Coffee ages slower when it is cool. For every 10 degrees that you cool coffee, the aging process is slowed down incrementally by a factor of 2. This is most prominently seen in the aroma of the coffee. When you hear that, you probably believe that you should freeze your coffee when you store it. However, you may want to reconsider that choice.
Freezing coffee can alter its structure and even crack the beans. On top of that, the shock to the coffee when you remove it from the freezer even for a very short time can actually harm the coffee far more than just storing it properly at room temperature.
Brew Methods and Freshness
Some brew methods require coffee of different freshness levels in order to provide the best overall experience. Espresso, for example, requires beans that are very fresh, usually no more than a week after roasting, and must be ground and then used not long after the grinding process is complete.
Cold brews and nitro brews, on the other hand, aren’t so strict, allowing you to use beans that are a bit older. Other types of drip brews and single cup presses usually fall somewhere in the middle, although it is often a matter of taste.
It Comes Down to Taste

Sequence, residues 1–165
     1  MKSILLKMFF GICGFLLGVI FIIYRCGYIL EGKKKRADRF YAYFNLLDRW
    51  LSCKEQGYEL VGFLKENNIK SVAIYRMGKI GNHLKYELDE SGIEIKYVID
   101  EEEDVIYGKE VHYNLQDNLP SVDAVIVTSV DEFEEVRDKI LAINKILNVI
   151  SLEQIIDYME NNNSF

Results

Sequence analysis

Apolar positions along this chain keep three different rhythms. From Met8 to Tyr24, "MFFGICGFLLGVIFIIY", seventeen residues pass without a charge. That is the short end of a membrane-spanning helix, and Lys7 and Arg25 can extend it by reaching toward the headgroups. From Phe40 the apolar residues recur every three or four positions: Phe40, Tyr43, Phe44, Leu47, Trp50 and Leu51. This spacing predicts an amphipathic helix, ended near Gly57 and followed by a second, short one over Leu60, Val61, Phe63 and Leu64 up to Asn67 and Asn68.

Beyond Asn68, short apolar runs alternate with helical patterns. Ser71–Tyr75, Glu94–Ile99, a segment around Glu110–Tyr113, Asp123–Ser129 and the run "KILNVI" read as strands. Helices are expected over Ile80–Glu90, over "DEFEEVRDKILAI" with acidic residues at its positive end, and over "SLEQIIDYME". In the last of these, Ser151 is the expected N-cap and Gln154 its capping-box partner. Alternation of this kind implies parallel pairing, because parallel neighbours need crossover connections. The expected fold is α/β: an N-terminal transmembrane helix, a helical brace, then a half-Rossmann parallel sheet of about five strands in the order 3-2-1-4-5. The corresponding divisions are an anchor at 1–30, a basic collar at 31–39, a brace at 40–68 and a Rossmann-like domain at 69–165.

While every coffee aficionado will give you their own two cents worth of advice on what makes coffee fresh, in the end it is all up to you. But that is what makes coffee so great. Each cup is unique and every coffee drinker will have a different opinion about it. As they say it is our differences that make the world go round, and the very same thing can be said of coffee, as well.
No matter how much freshness gets drilled into your head when you begin to enjoy specialty coffee, remember that it, like so many things in life, isn’t black and white. Different coffees require different levels of freshness for the best experience and, in many cases, it all comes down to your tastes and what you prefer. Each day the coffee ages, the flavor changes. Experiment to see when your coffee makes the best cup it can, at least your opinion. You could find that it takes a day, two days or even almost a week to reach your taste preferences.
Be creative with your coffee, just be sure to store it properly. Improperly stored coffee can ruin the experience and even ruin that expensive coffee you were holding onto for just the right time. There is nothing wrong with trying new things, so play around with the freshness level of your coffee. Each day that passes alters the taste of your coffee. This means that finding just the right time is essential to the experience.
This experimentation is what makes specialty coffee so great. So let yourself loose and try new brewing methods, roasting methods, and even preparation and storage to figure out what works best for you.